The genres might be different in content but both the Student Cities Summit to be held on 26-29 March 2017 at the Krystal Beach Hotel in Gordon`s Bay and the 18th Annual Cape Town Jazz Festival hosted on 30 March 2017 to 1 April 2017 has put together a great line-up of world class speakers and performers billed for this memorable week in the mother city.
It was only in 1999 that the jazz event started as the then Cape Town North Sea Jazz Festival at the Good Hope Centre but 18 years later it has grown to be one of the great events in the social calendar of Cape Town, raking in millions of rands in revenue for the Western Cape local economy. In 2029 the event will celebrate its 30 years of existence in the same year that South Africa will be celebrating its eighth democratic elections and 35 years of democracy.
In the meantime the National Development Plan will reach its 2030 milestone, the year in which the NDP envisages greater graduate outputs for the post-secondary sector in both TVET colleges and universities.
With the current status quo of both the inside and outside classroom curricular, will the goals of greater graduate outputs be realised? The answer is no, unless greater efforts are invested into bringing back the culture of learning and scholarship in both the institutions of learning complemented by a concurrent development to reclaim university towns as centres of learning. After all, over eighty percent of our students live, learn and play in the city centres, rather than on their university or college campus.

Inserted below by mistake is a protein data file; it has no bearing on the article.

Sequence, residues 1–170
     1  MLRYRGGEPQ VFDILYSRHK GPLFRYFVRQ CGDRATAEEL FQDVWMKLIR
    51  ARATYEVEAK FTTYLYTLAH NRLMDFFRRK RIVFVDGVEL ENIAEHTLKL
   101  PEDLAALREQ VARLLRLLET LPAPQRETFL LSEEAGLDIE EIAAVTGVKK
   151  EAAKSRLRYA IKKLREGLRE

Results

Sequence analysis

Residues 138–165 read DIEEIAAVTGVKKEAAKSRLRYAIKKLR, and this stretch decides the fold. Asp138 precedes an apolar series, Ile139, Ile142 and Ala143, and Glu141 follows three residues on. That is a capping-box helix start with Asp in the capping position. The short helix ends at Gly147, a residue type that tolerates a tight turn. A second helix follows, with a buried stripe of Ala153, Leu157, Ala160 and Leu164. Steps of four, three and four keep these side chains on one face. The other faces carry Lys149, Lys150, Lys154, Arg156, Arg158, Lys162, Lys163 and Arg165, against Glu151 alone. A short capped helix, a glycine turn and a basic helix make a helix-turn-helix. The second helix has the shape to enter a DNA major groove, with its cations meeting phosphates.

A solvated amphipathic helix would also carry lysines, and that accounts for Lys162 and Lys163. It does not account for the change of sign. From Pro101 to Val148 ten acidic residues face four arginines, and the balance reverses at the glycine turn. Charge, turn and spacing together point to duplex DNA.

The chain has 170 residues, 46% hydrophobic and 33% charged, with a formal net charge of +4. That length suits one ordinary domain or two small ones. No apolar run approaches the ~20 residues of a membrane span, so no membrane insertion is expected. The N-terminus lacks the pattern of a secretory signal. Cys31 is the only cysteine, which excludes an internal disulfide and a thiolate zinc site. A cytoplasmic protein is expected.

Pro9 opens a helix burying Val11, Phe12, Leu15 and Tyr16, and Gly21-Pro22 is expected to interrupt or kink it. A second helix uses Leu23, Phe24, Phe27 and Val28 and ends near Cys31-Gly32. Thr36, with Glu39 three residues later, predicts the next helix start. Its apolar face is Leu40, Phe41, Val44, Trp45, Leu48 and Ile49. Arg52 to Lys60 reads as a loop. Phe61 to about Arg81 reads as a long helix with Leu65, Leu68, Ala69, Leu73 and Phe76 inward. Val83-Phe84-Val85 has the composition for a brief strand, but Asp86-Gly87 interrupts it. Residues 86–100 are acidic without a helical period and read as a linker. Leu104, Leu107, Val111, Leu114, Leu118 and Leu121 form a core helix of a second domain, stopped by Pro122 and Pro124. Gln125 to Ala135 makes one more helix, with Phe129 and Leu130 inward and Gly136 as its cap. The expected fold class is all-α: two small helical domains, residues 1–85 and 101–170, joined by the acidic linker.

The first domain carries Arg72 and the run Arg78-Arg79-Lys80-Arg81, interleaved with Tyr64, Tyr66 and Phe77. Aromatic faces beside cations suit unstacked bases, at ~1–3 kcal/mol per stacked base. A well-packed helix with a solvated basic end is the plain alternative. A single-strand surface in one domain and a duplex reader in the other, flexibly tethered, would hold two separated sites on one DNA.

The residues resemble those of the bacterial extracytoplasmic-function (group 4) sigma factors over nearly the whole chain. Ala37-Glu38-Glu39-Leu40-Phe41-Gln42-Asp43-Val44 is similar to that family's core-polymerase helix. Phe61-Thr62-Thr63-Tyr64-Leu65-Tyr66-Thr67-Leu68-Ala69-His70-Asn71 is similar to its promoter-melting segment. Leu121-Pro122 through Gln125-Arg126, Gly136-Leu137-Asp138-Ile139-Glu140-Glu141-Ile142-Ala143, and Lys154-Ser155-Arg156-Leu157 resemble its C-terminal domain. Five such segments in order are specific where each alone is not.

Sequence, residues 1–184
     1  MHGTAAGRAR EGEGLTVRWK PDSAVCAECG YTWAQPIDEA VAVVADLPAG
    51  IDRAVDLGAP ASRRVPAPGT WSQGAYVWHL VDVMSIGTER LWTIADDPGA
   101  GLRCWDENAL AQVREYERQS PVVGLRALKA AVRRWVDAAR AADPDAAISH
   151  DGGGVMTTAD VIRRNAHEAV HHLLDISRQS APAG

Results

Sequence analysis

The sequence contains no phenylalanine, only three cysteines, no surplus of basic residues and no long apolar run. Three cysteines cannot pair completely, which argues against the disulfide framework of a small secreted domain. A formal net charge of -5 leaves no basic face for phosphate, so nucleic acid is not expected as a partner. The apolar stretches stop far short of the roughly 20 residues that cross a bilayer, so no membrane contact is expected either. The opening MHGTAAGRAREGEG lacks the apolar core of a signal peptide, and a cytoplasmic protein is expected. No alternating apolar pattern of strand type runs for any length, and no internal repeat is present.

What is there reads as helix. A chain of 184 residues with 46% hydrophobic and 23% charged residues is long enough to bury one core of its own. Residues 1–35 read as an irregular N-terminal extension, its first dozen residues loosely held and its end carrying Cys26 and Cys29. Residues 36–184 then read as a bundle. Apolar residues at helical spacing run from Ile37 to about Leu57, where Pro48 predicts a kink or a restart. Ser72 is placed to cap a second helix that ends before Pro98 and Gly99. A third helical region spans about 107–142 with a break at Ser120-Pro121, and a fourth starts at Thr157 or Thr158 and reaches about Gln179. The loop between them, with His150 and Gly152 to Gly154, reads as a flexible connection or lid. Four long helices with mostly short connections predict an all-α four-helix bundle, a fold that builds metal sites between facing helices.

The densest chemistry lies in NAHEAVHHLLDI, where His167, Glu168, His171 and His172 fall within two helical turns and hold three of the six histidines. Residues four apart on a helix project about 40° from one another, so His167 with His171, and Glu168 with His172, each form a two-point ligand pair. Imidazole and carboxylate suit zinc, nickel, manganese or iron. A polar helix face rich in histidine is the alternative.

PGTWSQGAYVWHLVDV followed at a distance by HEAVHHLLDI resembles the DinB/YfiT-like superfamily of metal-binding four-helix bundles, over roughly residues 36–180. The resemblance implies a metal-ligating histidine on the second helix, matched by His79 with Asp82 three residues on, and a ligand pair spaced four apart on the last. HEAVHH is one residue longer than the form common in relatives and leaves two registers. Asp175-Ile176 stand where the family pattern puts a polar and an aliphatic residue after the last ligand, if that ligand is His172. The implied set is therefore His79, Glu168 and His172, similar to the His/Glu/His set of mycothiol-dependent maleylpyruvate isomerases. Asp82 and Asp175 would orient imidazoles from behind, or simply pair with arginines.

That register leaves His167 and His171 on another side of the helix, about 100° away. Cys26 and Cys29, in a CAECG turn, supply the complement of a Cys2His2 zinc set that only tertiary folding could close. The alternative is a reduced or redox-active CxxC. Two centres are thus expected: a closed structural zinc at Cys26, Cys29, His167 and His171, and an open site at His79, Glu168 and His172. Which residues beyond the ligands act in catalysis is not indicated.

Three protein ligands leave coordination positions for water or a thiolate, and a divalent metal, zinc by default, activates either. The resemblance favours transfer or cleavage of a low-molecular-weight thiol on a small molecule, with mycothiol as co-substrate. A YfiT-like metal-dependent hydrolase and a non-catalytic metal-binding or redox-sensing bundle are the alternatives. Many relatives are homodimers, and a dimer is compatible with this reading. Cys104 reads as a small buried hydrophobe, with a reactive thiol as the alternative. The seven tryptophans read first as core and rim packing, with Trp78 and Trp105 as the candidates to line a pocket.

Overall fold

In the 12th century, when the early medieval universities came into existence, these universities were founded without physical campuses. The masters simply rented lecture halls in the host cities and learning occurred there. And today you find students gathered and doing research in the Tshwane WIFI hotspots throughout the City of Tshwane where there is Free Wifi. In these medieval times, the scholars often congregated in identifiable areas of cities, most famously the Left Bank (Rive gauche) of the Seine in Paris – what became known as the Quartier Latin.
Thus, the medieval universities were more integrated into the cities than in the case of the Academy. It is by no accident that most medieval universities were founded within cities. The schools’ existence required a permanent population and an infrastructure that included a vibrant marketplace and system of governance, but their dependence on the host towns was limited. Since these early times, the town gown relations have diminished over time, with each entity operating exclusive from each other, to the detriment of its student communities. In South Africa the problem is even more acute and pronounced.
The true fruits of freedom through education, and the achievement of a greater graduate output can only be realised if we fix both the universities and the university towns themselves to realise that the provision of education and the related support systems, is the only intervention that can liberate future generations from the vicious cycle of inter-generational poverty.